I have heard it said by country people, many times, “why should I pay for you to have public transport when I don’t use it?” Most country people will rarely use the public transport system in the major cities but, if the public transport system doesn’t meet the needs of the people then country folk, just like their city companions, will pay for construction and maintenance of roads to allow people to move as they need to do.
In comparison with some other states, Perth has a good public transport service, but it can be much better. Looking back over the years it appears that coalition governments focus on cars and providing roads, and Labor [sic] governments focus on public transport. That says a lot for where their loyalties lie. The Liberal-National government of Sir Charles Court shut down the Fremantle line in 1979, only for it to be opened again, with electrification, by the Labor [sic] government in 1983. The Labor [sic] Party also had the Joondalup (now Butler) line built in the late 1990s, and that to Mandurah was built in 2007. In both those cases Liberal party opposition was claiming that they would never be used very much. The contrary has proved the point.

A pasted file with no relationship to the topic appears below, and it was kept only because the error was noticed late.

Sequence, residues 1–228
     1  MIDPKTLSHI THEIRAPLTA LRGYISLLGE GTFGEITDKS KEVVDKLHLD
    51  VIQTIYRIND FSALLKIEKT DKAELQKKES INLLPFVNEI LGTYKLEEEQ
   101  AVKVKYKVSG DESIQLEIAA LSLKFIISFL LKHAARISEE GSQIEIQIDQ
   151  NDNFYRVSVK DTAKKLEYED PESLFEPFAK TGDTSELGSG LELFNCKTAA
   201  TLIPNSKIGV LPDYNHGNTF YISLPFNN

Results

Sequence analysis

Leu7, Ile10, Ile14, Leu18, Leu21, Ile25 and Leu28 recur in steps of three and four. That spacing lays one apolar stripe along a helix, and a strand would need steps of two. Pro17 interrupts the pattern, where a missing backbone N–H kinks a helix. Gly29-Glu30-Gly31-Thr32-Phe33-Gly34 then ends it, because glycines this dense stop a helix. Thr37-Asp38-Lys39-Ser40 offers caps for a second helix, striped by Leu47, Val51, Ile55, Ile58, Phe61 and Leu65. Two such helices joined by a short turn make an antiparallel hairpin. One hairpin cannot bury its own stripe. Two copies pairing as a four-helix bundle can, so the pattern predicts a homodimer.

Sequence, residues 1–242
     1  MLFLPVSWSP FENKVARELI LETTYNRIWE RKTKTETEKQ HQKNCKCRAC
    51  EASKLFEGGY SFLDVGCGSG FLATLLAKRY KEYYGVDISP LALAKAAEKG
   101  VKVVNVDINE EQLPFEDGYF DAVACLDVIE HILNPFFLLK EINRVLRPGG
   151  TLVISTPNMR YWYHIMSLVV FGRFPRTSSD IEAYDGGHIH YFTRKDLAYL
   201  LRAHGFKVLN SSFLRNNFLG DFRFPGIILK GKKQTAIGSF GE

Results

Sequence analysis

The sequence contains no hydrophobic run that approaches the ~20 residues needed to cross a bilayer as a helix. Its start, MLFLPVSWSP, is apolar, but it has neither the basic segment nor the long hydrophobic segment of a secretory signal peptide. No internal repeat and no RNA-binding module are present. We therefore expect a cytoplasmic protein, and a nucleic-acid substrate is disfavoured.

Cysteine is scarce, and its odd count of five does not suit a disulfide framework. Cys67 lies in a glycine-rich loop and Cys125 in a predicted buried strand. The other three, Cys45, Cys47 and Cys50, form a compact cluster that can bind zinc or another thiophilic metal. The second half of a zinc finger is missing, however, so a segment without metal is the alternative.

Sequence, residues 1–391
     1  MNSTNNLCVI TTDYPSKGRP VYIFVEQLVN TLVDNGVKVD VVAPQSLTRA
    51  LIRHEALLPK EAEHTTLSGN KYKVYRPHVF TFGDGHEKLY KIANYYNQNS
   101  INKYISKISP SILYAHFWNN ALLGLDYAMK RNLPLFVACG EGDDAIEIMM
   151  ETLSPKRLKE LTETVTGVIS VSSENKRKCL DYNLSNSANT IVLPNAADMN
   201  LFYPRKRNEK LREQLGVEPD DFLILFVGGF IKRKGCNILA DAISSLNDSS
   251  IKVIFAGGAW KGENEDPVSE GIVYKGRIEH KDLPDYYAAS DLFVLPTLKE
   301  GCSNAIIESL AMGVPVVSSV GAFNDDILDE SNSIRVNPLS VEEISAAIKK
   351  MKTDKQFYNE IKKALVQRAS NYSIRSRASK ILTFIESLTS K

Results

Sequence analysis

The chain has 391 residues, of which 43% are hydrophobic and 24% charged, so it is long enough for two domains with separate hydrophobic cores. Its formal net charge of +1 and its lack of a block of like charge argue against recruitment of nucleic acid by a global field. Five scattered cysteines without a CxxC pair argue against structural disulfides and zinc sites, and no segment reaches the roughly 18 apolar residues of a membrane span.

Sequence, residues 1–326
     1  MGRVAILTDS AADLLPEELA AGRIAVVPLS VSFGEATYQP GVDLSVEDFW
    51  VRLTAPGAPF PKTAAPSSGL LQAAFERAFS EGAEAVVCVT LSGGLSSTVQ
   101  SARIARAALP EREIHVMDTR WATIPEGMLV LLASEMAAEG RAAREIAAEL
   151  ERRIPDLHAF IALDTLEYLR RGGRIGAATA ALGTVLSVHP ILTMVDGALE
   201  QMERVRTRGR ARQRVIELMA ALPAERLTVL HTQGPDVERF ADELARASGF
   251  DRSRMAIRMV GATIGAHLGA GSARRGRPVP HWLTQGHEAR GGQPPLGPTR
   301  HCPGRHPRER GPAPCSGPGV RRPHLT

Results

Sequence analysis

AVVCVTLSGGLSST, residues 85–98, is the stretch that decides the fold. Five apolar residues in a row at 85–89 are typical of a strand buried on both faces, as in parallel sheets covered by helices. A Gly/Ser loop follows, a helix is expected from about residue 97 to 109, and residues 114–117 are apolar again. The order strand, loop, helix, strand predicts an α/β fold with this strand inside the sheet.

People will use public transport if it can get them from where they are to where they want to be in reasonable time, in reasonable comfort, and at a reasonable cost. Stations on the Joondalup and Mandurah lines were extended to allow longer trains because patronage was so high that people were refusing to board because there were too many people already in the carriages. That shows how effective public transport CAN be.